This is a crucial moment to remember.
Rose: “Ma’am, I want to be clear, ma’am. I was just told that I’m getting an 851 motion filed on me, which is a mandatory life sentence.”
“I’m not going to win. If I’m not going to win, I want to be the one not to win.”
In Latin, it means, “for one's self.”
Casey lets us in on his frame of mind and motive behind representing himself.
He’s basically saying that he knows he’s going to lose and if that’s the case then, he couldn’t live with himself if he allowed a lawyer to lose his case.
The context of these next few lines is difficult for me to grasp.
I can’t tell if the judge is trying to discourage him or encourage him to represent himself.
In this same hearing, Casey is officially charged in a second indictment consisting of three additional new charges and the 851 enhancement.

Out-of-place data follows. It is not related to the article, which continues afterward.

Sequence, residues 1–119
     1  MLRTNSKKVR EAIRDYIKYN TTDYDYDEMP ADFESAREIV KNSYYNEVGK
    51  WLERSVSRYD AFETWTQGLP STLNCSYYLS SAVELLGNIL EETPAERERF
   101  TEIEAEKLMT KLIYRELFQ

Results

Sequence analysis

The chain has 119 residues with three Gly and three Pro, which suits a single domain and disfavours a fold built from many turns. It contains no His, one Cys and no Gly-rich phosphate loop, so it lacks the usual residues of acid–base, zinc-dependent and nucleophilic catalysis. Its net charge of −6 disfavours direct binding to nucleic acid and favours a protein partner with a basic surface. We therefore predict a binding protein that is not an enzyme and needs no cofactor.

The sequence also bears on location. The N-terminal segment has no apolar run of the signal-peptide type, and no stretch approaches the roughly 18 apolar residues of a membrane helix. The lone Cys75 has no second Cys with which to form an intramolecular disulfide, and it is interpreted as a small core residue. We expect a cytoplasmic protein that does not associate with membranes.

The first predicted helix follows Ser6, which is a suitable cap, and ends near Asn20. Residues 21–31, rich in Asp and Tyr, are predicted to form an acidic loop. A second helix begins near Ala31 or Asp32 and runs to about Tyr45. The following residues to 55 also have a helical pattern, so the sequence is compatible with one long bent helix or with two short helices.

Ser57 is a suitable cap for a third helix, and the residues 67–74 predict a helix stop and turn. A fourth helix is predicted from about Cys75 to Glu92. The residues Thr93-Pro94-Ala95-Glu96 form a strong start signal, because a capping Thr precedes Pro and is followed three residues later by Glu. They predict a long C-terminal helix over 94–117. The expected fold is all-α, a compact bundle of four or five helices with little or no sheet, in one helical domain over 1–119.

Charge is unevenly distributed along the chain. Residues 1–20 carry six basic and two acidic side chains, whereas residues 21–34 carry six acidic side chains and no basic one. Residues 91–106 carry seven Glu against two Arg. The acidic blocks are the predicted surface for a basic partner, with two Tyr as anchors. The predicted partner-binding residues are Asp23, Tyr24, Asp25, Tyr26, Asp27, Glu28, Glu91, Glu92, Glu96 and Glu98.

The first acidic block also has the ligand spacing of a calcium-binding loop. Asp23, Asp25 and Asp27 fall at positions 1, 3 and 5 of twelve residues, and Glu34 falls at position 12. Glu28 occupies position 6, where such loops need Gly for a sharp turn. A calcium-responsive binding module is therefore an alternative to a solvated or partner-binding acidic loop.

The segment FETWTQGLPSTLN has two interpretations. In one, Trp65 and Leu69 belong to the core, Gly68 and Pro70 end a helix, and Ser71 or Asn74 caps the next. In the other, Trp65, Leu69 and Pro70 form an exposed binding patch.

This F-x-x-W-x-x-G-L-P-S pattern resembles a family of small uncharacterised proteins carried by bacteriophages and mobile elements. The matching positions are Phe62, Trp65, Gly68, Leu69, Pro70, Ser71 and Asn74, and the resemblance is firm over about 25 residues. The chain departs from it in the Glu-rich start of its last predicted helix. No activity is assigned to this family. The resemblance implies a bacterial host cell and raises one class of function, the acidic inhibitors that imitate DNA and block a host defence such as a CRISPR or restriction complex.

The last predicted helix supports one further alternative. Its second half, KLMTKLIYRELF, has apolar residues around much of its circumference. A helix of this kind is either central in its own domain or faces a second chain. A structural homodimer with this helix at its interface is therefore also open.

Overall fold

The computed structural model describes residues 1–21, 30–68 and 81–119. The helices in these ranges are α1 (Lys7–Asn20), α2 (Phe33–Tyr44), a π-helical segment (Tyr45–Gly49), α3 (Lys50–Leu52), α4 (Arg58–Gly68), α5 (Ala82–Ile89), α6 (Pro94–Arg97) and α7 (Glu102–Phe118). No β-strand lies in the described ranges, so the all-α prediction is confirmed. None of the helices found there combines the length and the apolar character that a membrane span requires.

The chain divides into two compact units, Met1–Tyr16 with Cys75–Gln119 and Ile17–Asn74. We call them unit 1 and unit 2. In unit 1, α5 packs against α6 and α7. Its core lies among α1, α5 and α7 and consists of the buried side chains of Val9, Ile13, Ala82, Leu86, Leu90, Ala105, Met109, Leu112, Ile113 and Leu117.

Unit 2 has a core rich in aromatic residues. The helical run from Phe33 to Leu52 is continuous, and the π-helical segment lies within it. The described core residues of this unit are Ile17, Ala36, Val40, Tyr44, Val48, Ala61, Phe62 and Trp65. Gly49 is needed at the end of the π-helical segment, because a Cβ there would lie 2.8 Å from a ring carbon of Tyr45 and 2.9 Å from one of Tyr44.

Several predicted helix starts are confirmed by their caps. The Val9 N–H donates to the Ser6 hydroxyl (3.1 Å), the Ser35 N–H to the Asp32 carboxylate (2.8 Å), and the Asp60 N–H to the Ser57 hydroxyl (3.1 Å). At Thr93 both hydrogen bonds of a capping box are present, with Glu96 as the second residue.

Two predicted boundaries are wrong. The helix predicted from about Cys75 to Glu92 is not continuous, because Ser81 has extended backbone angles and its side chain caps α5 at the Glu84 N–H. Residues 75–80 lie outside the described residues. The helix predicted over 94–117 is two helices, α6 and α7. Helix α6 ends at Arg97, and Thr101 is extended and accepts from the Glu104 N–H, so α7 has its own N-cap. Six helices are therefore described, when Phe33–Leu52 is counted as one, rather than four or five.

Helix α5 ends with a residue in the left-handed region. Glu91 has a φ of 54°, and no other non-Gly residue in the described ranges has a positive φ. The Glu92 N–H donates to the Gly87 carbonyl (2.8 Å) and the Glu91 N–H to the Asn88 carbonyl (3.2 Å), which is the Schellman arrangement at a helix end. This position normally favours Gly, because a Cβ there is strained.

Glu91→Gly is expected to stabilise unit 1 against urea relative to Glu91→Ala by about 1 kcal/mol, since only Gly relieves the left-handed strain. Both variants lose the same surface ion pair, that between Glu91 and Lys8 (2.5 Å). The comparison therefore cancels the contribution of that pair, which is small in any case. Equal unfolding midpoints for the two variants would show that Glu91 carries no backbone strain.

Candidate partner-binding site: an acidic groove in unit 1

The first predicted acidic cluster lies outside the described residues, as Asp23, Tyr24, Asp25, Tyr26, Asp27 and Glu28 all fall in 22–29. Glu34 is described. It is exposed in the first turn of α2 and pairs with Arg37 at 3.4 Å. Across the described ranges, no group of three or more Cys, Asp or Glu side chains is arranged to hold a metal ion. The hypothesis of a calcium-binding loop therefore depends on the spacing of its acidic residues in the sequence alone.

Mr. Meitl, “What that means is, because Mr. Rose has been convicted of numerous drug crimes prior to the instant charge, at least two under the statute, that if he is convicted of the instant offense, Counts 1 and 2, he will be receiving a mandatory life sentence.”
“I have it in my head that I’m going to get a life sentence.”
It is amazing to me that we live in a country where you can be sentenced to prison for a crime, do your time, be released, and for the rest of your life you will pay infinitely.
It needs to be made very clear that the only reason Casey received a life sentence is that essentially, the federal government is making him pay for his previous crimes a second time.
The Judge Schools Casey